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Two Truths and a Lie

Two Truths and a Lie

Written by Jen Arellano
November 18, 2020

Giving children voice is my thing. Students discuss, debate, analyze and scrutinize everything.  One of my tools for building the trust needed to have a classroom of collaborators is to do morning meetings where we check-in with how we are feeling.  Another strategy has been to use the “What I Wished My Teacher Knew” writing prompt.  But every class is not the same, and I have modified the execution of the prompt to fit each of my classes’ identities.

With a class of 5th graders, filled with students dealing with trauma, I did “What I Wished” anonymously and kept the writing to myself.  With a class full of 4th grade clowns, I did it as a snowball fight, where I warned them we would be sharing their responses aloud, even though the author would remain unknown.

This year, I have the perfect class. These kids are so angelic I almost don’t want to admit it out loud for fear of jinxing everything and/or turning my colleauges into green monsters.  As sweet as they are, I know there are still hidden parts, unkind realities.  But, they are also so young, as if missing the second half of second grade arrested their maturity.  I could almost hear the responses in my head, “I want my teacher to know that I think she’s nice.” ( Of course it would be spelled: “I wat my tacer to no thet i thank she’s nic” so I prefer to visualize this exercise recited verbally.) There would also be the, ” I want my teacher to know I love pandas and unicorns.” And the:  “I have two sisters.  One I like and one who bugs me.”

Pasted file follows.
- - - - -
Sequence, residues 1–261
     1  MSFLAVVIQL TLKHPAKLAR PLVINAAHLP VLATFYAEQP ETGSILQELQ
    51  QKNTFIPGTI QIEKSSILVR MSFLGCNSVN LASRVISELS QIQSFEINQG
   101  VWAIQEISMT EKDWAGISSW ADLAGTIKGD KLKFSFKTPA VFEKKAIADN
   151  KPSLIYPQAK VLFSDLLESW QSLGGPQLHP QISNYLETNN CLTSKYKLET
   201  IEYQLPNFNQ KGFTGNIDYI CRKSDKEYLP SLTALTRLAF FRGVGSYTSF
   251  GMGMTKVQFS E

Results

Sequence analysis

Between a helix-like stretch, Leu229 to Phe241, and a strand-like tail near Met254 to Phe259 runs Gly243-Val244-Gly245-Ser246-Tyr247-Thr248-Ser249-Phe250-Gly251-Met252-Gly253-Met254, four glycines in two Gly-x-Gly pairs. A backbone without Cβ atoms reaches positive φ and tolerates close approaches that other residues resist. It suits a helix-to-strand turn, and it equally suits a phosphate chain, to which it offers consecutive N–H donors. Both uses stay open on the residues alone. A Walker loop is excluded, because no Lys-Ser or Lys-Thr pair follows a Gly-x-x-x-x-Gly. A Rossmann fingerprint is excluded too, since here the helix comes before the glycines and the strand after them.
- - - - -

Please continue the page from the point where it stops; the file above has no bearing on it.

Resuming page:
The kids who would really like me to know who they are in this class show me with their hard work. Like prancing horses in a ring, all braided and saddled, in perfect formation, look at me, they say, look at me.  Look.  The one or two who might have something they truly wish they could say, but don’t have the words to do so, don’t have the words to do so. Yet.

So, this year, I decided to play a few rounds of two truths and a lie.  This fun game built a lot of background knowledge between our classmates.  After 12 weeks, with all new classes created 8 weeks in, we are just approaching a place where their trust and maturity might be able to express what these students really desire to be known.

We will try the prompt after the holidays, but part of me would like to hold on to my one perfect class.  The perfect angels who I imagine to be happy, and secure, brave, and eager.  After a brutal and exhausting year, I just want to only see the good a little while longer.  That’s my truth, I want to lie to myself just a little longer, but I know I can’t.

Come January, we will write, “What I Wish My Teacher Knew” and we will face it together, no matter if it’s a pet that has died, a grandpa who has been deported, a mom dying of cancer, a brother who is cruel, a daddy missed at breakfast, or the feeling of not fitting in.  In the new year, my angels will write to me about their secret issues and they will have a teacher who they can trust will be there.